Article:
The dilemma is sometimes likened to a double-edged sword.
Historical and natural sites of extraordinary beauty often draw large numbers of visitors to the countries that host them, providing a healthy tourism revenue.
However, those same crowds often have a detrimental effect on the places they visit, sometimes leading to significant damage, which has in recent years sparked a debate whether tourist numbers should be capped.
“Sites all over the world are under threat at any given moment. Apart from the monuments and ancient cities in the Middle East, I would say historic districts of major cities in Asia face the highest threat due to the unchecked sprawl and development,” says Stefaan Poortman, executive director of the Global Heritage Fund, which aims to protect the most endangered cultural heritage sites in the developing world.
“Tourism is not regulated well enough and the massive influx is putting a strain on sites all over the world. The most well-known sites like Angkor or Machu Picchu are really swamped with tourism. Not only does it affect the sites but at a certain point, if unchecked, tourism can negatively impact the quality of life for local communities as well,” he adds.
Below are some of the world’s most beautiful sites that are on the brink of collapse.
Stretching for thousands of kilometers, China’s mighty wall was built to defend the onslaught of attacking armies, but it’s the hordes of tourists that occupy it these days.
Sections of the wall are sprayed with graffiti and according to Beijing Times, 30% of the fortification has disappeared due to natural erosion and human damage.
The world’s largest coral reef ecosystem hosts scores of marine species, but scientists say that it could become extinct as soon as 2050 due to climate change.
This would undoubtedly be an environmental disaster, but would also mark the end of the multi-billion dollar tourist industry which is based around the reef, with grave consequences for the local economy.
The ruins of Cambodia’s once-magnificent temple complex are now overrun with smartphone-toting tourists jostling for the best position from which to capture the spectacular sunrise.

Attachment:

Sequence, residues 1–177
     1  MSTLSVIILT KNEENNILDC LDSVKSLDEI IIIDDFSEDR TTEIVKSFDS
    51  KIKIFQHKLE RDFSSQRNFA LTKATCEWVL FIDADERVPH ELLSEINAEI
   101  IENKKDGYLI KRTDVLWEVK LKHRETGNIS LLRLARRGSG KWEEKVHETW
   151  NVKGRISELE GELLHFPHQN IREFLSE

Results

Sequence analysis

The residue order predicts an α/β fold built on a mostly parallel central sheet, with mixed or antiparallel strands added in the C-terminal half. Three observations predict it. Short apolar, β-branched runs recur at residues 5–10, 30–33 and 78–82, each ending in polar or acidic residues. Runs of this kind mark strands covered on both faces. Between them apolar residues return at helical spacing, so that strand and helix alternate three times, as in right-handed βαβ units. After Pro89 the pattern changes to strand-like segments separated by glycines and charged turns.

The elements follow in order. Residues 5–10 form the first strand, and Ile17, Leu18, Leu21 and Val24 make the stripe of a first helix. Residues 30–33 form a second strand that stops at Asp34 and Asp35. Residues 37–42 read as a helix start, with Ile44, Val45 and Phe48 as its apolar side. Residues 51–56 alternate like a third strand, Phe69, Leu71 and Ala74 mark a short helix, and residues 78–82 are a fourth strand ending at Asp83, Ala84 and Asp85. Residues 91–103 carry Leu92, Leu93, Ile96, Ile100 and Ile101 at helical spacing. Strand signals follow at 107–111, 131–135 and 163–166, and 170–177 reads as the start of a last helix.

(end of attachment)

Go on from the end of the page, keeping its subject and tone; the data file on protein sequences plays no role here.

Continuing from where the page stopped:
With an annual increase of nearly 20% year-on-year visitors, according to the Cambodian tourist board, more than two million people visited Angkor Wat in 2013.
“I think that many sites need to determine cultural and environmental carrying capacities, and then limit visitation numbers to sustainable numbers,” says Poortman.
Michelangelo’s masterful frescoes which grace the ceiling of the Vatican’s Sistine Chapel took four years to paint, but many of the millions of tourists who come to admire them each year are caught flouting the ban on flash photography.
They also breath out carbon dioxide which damages the artworks. Last year a new heating and cooling system was introduced in order to try to combat the harmful side effects of tourism.
Sensors and wall-mounted cameras also count the number of people in the chapel and regulate the temperature and humidity.
Caves of Altamira
For years visitors have been flocking to see the exquisite drawings of bison inside the caves of Altamira, close to Spain’s north coast. But the constant trudge of tourists caused damage to the Palaeolithic paintings, which are over 20,000 years old, and the Spanish authorities decided to close the site to the public in 2002.
Last year, access to the caves was partially reopened, and five visitors a week are chosen at random and allowed inside the caves (they also have to dress in protective clothing).
The vast expanses of the famous game reserve bring swathes of safari tourists every year. These travelers represent one of the most important sources of income for Kenya.
But the large numbers of people who come to see unspoiled wildlife also put pressure on the area’s resources, and the numerous lodges and camps have a negative impact on the environment as well.
Poortman says that governments need to put caps to visitor numbers in places which could be seen as vulnerable.
“An important realization is that tourists are traveling to see and experience the natural and cultural assets that make a place unique. If sites no longer exist or are damaged, then ultimately the income from tourism will also fall.”
Last April, the Egyptian Pharaoh’s tomb was closed to the public after moisture from the breath of decades of visitors has caused it to deteriorate.
In it’s place, an exact replica was opened nearby. The copy was created by Spanish-based firm Factum Arte under the supervision of Egypt’s supreme council of antiquities.
The team used laser scanners and high definition printers to recreate the precise textures and colors of wall murals depicting the afterlife.
The mausoleum of the Mughal emperor Shah Jahan’s favorite wife, Mumtaz, has stood as a symbol of enduring love since mid the 17th century. The site is visited by four million tourists each year, but it’s exactly this tide of people has started to take its toll on the structure.
Experts have also said that the decline in water level of the nearby Yamuna River is affecting the wooden foundation.